Kids Excel at Camp Without Limits

Article Date: Jul 29, 2009

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OMAHA, Neb. -- Two dozen children skate onto an ice rink, ready to learn how to play hockey.

"The spirit really comes out in these kids," said volunteer hockey coach Mike Kult. "They want to do it better, they want to do it faster, they want to skate better than the old guys. They have the same competitive drive as anyone else. We just do it in a different way."

The hockey players are all physically disabled. Instead of skates attached to their feet, they sit on sleds atop ice blades.

Hockey is just one of many sports children play at Junior Wheelchair Sports and Recreation Camp. Children and teenagers also participate in archery, volleyball, golf, basketball and swimming. The camp, organized through Alegent Health Immanuel Rehabilation Center, is free and offered to any child ages 5 through high school age.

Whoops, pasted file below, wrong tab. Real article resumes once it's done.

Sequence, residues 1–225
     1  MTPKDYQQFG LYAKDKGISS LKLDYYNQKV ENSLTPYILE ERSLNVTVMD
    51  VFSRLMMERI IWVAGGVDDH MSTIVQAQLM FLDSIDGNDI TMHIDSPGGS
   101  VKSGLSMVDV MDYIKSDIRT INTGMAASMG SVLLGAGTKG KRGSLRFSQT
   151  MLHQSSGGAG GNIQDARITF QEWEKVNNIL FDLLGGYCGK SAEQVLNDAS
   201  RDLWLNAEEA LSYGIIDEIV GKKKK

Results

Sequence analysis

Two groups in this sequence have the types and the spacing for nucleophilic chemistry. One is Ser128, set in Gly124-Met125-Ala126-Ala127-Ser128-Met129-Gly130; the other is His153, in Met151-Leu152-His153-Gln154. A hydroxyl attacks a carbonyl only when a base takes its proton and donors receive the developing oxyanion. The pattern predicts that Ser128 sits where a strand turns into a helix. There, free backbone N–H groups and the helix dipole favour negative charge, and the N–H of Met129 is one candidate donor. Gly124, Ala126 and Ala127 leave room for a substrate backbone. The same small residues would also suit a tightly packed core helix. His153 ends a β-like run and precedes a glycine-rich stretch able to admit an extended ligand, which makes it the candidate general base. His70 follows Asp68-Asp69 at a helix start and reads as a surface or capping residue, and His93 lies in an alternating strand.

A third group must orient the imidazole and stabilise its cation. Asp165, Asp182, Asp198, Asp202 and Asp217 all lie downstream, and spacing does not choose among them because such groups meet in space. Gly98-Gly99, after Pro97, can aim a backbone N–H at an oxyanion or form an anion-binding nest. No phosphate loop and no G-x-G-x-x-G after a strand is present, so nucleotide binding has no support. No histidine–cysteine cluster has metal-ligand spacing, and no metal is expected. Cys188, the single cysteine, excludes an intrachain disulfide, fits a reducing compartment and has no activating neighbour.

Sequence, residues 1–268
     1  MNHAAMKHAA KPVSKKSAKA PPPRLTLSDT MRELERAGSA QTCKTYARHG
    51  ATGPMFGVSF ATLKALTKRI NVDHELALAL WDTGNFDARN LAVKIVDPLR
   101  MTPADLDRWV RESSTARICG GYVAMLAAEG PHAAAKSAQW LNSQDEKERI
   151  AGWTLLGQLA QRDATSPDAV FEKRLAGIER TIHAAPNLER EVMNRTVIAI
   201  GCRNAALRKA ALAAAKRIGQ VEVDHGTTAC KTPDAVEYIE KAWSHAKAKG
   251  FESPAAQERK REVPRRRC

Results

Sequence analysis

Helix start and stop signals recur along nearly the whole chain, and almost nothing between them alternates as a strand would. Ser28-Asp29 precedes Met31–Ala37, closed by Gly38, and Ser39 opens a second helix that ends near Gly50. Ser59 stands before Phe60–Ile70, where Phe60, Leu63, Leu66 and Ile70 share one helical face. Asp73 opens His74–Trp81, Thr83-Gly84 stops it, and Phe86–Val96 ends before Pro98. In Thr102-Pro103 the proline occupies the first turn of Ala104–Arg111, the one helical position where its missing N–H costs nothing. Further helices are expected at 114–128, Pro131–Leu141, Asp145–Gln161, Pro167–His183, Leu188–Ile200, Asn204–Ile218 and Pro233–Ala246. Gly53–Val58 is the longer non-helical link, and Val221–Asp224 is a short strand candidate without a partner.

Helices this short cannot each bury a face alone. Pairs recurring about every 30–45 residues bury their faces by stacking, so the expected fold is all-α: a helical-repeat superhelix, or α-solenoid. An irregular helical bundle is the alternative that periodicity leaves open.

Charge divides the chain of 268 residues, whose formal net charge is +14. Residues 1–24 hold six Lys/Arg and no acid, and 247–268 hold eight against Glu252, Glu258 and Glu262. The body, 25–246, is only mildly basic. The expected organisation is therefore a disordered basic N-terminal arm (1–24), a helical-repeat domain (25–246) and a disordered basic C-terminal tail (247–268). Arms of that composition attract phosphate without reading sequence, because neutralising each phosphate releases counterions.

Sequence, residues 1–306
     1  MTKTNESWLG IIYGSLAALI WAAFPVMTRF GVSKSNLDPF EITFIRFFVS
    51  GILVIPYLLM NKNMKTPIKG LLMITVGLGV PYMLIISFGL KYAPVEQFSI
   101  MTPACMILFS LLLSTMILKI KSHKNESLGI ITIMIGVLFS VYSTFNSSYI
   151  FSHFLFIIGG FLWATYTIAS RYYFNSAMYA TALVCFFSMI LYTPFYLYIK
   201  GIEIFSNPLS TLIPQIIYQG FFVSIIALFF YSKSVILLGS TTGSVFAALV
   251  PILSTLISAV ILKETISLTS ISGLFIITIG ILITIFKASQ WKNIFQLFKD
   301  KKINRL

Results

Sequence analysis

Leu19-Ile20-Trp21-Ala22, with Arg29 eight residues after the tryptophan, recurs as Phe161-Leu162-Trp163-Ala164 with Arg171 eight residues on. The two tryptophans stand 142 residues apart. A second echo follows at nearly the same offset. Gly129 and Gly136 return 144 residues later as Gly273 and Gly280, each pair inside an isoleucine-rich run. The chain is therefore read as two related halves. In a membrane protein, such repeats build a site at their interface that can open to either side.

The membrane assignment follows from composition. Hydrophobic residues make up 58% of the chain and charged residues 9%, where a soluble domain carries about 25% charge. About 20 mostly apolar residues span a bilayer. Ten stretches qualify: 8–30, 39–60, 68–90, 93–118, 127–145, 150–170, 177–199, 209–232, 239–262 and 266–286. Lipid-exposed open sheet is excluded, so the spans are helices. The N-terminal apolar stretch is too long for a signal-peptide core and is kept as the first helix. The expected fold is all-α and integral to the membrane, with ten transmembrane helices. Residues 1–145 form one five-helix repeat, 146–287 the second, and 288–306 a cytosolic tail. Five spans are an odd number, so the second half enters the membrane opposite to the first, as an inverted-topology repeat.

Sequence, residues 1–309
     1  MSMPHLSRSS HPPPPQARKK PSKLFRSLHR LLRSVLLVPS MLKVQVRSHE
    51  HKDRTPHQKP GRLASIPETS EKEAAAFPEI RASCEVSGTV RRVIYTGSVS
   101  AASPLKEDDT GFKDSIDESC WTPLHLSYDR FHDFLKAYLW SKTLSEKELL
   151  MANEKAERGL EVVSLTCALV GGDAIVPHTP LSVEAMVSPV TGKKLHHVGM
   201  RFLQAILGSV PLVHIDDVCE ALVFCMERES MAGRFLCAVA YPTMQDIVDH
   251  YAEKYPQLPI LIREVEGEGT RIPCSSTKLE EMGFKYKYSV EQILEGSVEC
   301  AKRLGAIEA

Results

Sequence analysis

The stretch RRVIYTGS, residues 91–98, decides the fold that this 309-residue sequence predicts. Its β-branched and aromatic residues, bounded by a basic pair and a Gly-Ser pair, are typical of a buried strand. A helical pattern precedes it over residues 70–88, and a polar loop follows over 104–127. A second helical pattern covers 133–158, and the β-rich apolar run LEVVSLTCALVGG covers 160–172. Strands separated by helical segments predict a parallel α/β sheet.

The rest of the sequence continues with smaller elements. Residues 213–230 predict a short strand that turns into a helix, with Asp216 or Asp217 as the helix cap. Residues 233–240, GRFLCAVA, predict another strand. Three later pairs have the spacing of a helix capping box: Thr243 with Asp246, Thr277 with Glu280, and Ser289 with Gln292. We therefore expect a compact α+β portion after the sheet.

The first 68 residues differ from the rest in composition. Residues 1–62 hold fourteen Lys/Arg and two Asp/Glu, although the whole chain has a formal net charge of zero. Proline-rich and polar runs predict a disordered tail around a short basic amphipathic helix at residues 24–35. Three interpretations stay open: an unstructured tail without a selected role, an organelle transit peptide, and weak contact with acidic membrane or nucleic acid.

"I look at it as, it could be you or me tomorrow," said camp coordinator Jena Munson. "I have a lot of things I'm passionate about, and I'd definitely want them available to me."

Lori Burke, whose son Logan has attended the camp for five years, says it has changed life for her family.

"It was a blessing for us to come to camp," said Burke. "We didn't know there was such a thing as wheelchair sports."

Burke's son now participates with a basketball team that travels the country to compete. "The self confidence alone is so amazing," said Burke. "He'll say, 'you know, I do have a physical disability, but there's no limit to it. I can do whatever I want just like everybody else.'"

Burke says the camp also allows her son to be surrounded by other children and families with physical disabilities. Coach Kult played for the USA Paralympic Sled Hockey Team for several years.

"It means a lot that there are people willing to teach us different sports," said 15-year-old camper Josh Maier. "Different paralympic athletes teaching young kids. That's what it's about, how you get new players."

Maier encourages other children to attend the camp. "Come on out and try it," Maier said. "No one's gonna make fun of you, it's fun and you might like it enough to join a team."

Republished with permission from

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